Scott G Winterton, Deseret News
Richard Davis announces the formation of the United Utah Party during a press conference at the capitol in Salt Lake City on Monday, May 22, 2017. The new United Utah Party got closer Monday to official state recognition, the same day a federal judge set a July hearing on whether the party can field a candidate in the special congressional election already underway.

SALT LAKE CITY — The new United Utah Party got closer Monday to official state recognition, the same day a federal judge set a July hearing on whether the party can field a candidate in the special congressional election already underway.

"We approved them as a prospective political party," state Elections Director Mark Thomas said, noting that the state had verified that United Utah submitted the required 2,000 voter signatures, the first of two steps to being recognized.

Although United Utah put out a news release calling itself the state's sixth registered party, Chairman Richard Davis acknowledged that the party must still provide documentation that its constitution, bylaws and officers have been properly ratified.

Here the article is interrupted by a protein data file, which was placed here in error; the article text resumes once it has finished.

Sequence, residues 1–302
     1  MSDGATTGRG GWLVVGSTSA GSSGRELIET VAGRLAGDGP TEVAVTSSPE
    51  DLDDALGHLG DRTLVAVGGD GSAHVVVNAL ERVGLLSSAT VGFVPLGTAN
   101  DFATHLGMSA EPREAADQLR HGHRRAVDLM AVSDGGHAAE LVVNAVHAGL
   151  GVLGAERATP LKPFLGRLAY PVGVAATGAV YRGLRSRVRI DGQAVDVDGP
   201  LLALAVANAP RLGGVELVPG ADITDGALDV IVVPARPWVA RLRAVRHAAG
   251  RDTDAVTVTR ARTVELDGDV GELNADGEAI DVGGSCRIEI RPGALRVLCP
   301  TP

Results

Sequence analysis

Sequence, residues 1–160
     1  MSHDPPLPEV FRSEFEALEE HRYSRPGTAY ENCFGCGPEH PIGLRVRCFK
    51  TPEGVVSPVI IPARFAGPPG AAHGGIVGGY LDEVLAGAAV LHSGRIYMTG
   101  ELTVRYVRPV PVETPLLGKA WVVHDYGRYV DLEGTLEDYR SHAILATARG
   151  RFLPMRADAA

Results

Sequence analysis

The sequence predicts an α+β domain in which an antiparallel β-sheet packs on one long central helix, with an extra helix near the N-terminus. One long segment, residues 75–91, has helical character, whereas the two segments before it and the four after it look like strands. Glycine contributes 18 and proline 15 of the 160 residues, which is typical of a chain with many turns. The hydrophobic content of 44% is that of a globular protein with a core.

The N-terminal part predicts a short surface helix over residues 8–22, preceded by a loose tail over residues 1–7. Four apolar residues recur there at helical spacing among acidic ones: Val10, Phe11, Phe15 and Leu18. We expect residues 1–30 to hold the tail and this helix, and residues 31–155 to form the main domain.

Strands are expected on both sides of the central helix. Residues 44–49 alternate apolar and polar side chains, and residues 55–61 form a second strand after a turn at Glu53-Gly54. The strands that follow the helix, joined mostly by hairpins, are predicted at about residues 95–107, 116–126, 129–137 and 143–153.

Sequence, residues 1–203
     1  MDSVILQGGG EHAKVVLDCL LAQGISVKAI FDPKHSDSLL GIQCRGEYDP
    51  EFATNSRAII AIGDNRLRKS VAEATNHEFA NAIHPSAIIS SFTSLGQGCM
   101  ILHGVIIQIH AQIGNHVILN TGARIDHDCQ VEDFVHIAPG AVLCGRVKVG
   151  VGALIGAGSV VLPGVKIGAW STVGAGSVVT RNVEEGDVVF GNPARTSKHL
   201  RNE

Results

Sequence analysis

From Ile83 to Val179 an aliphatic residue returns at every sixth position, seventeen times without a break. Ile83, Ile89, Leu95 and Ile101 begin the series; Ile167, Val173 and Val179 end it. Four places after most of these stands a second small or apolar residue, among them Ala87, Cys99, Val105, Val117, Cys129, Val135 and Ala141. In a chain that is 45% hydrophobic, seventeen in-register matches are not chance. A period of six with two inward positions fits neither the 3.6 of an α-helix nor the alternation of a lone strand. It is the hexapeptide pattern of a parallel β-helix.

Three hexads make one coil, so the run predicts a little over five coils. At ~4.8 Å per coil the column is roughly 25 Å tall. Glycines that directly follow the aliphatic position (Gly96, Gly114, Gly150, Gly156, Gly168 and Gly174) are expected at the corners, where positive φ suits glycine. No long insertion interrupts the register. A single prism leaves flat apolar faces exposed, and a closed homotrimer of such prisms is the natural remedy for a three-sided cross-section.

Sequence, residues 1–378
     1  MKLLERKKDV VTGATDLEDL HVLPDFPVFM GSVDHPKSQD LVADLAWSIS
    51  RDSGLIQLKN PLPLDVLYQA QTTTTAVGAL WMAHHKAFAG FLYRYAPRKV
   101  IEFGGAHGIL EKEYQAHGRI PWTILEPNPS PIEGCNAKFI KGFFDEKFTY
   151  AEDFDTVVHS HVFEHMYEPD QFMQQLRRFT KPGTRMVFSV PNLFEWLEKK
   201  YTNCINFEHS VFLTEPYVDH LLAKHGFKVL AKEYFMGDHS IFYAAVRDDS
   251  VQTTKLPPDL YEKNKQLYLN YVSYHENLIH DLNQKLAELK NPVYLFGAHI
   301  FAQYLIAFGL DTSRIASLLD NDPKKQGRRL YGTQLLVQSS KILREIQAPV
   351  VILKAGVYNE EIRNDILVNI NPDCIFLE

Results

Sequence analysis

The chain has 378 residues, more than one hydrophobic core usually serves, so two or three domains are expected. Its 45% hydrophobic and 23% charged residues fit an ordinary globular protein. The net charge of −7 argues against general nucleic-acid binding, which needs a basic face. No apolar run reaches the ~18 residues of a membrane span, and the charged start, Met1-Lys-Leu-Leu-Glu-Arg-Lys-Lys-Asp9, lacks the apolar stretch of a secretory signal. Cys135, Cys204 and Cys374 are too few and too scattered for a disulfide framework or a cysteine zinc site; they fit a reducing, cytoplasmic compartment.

Before the scheduling hearing in front of U.S. District Judge David Nuffer, there was a question about whether that ratification could have occurred at the party's June 17 convention because the state had not yet verified the voter signatures, Davis said.

Both parties met after the brief hearing, and Davis said state officials were willing to accept the documentation, barring a different opinion from Lt. Gov. Spencer Cox, who oversees elections.

"It is amazing that they are suddenly becoming accommodating," Davis said.

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There is no agreement, however, on whether United Utah Executive Director Jim Bennett should be on the November special election ballot to fill the vacancy that will be left when Rep. Jason Chaffetz, R-Utah, steps down Friday.

Nuffer set a July 14 date to hear United Utah's case for Bennett being on the ballot.

Bennett tried to file last month as a provisional candidate under the new party banner but was rejected by the state elections office because United Utah had not been certified. He chose not to file as an unaffiliated candidate.

Thomas said the state's position is that the law spells out that a political party formed at this point in the election cycle can only qualify to participate in next year's races.